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Sensitive Test to Detect Efzofitimod’s Target Developed


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pulmonary sarcoidosis treatment | Sarcoidosis News | clinical research illustration

Researchers have developed a highly selective and sensitive test to detect neuropilin-2 (NRP2), the therapeutic protein target of efzofitimod, an experimental treatment for pulmonary sarcoidosis by aTyr Pharma.

Using immunohistochemical (IHC) detection methods, the new antibody-based tool — created in collaboration with Michael Muders, at the University Hospital Bonn, Germany — will shed light on how NRP2 expression (production) relates to pulmonary sarcoidosis and potentially could be a biomarker to classify and monitor patients.

“This unique antibody developed by the aTyr research team and optimized for IHC in collaboration with the Muders lab provides a highly specific and sensitive detection method for NRP2 that will facilitate characterization of the target receptor for efzofitimod in patient tissue samples,” Leslie Nangle, PhD, vice president at aTyr Pharma, said in a press release. “This may provide an extremely useful clinical tool, potentially aiding in patient selection or stratification, thereby enabling thoughtful understanding of NRP2 expression as it relates to relevant disease states.”

Pulmonary sarcoidosis is marked by the formation of granulomas, small clumps of inflammatory cells that trigger inflammation, in the lungs. During inflammation, NRP2 levels are elevated in immune cells, including those in granulomas. By modulating NRP2 activity, efzofitimod seeks to dampen immune responses associated with lung inflammation.

Data from a now complete Phase 1/2 study (NCT03824392) demonstrated that efzofitimod was generally well tolerated and improved lung function compared to a placebo.

Recently, aTyr announced plans for EFZO-FIT, a Phase 3 clinical trial (NCT05415137) that aims to enroll 264 adults with pulmonary sarcoidosis, ages 18–75. The study’s goal is to determine whether efzofitimod can reduce the use of glucocorticoids, which can cause harmful side effects over the long term.

IHC detection is widely used to identify and localize specific proteins in patient tissue samples. It relies on creating an antibody that’s highly selective towards its protein target, which can then be stained and visualized.

However, the availability of reagents for IHC detection of the NRP2 protein in tissues is limited and commercially available anti-NRP2 antibodies tend to show low selectivity, leading to proteins other than NRP2 being stained.

aTyr presented the new test’s development in a poster at the European Respiratory Society (ERS) International Congress 2022. The poster, “A novel neuropilin-2 (NRP2) antibody for immunohistochemical staining of patient tissue samples,” can also be viewed on the company’s website.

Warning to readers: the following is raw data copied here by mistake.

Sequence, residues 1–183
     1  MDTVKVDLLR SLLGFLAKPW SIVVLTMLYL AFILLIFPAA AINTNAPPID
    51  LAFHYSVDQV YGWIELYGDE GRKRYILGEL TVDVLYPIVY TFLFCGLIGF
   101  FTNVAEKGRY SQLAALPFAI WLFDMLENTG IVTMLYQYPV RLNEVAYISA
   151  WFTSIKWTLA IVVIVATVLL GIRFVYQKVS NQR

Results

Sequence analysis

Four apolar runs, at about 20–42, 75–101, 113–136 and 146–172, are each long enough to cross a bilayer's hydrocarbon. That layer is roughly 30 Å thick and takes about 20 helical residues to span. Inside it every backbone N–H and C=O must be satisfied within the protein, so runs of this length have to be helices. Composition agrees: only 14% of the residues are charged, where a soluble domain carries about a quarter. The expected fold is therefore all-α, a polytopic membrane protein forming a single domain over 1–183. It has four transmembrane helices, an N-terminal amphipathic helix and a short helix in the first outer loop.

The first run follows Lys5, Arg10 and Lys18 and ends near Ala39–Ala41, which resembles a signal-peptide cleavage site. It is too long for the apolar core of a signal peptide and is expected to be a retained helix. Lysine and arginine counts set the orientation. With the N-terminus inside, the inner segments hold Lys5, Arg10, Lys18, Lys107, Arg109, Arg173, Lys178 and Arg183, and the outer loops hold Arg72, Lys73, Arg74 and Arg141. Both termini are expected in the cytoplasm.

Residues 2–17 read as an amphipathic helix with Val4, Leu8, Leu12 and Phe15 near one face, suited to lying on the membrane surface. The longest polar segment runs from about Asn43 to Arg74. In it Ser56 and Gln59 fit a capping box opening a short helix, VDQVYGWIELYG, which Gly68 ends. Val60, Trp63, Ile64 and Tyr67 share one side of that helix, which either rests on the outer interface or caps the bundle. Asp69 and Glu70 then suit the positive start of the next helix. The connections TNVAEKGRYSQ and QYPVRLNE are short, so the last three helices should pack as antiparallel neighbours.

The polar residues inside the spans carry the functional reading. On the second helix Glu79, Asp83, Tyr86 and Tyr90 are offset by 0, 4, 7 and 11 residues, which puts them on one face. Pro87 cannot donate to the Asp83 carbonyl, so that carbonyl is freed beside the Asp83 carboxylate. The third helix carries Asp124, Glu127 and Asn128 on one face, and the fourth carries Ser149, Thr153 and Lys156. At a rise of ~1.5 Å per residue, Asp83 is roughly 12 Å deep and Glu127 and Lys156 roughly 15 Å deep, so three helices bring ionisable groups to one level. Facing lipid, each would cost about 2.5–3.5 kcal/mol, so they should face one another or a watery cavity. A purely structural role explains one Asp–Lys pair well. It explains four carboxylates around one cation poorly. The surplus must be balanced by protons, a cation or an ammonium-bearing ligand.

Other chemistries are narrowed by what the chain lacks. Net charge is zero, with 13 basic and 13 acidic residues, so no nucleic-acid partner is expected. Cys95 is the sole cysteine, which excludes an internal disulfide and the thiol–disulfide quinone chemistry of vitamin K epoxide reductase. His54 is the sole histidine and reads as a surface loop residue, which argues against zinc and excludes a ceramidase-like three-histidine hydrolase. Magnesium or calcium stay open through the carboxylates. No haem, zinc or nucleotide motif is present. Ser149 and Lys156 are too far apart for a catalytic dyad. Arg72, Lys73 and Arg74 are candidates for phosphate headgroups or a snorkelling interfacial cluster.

The research team first generated a panel of anti-NRP2 antibodies by immunizing mice. One antibody, dubbed aNRP2-36v2, was chosen for further testing due to its high selectivity and strong NRP2 binding.

Tests confirmed aNRP2-36v2 bound to human NRP2, recognized two forms of the protein called NRP2a and NRP2b, and did not cross-react with human NRP1 or NRP2 from mice, rats, or monkeys. The team also identified the specific location where the antibody binds to NRP2.

Using IHC detection, aNRP2-36v2 showed strong and specific staining of cells that produce NRP2, but not to those without the protein.

A commercial anti-NRP2 antibody was also less specific than aNRP2-36v2 and a lack of NRP1 binding was confirmed by a lack of staining of cells producing this protein. Specificity was demonstrated by aNRP2-36v2 staining being absent after adding excess NRP2 protein or reducing NRP2 expression in tissues.

Finally, IHC staining of sarcoidosis patient tissues from skin and lung biopsies showed high levels of NRP2 production within granulomas, but not in the surrounding tissue. Tests also showed granulomas primarily composed of immune macrophage cells also express NRP2. This antibody was suitable for co-staining with other antibodies targeting different proteins.

“We are using this antibody to further understand the biology of key immune cells that make up these sarcoid granuloma structures and hope it may lead to identification of biomarkers for sarcoidosis and other indications in which NRP2 plays a role,” the researchers concluded.

The post Sensitive Test to Detect Efzofitimod’s Target Developed appeared first on Sarcoidosis News.

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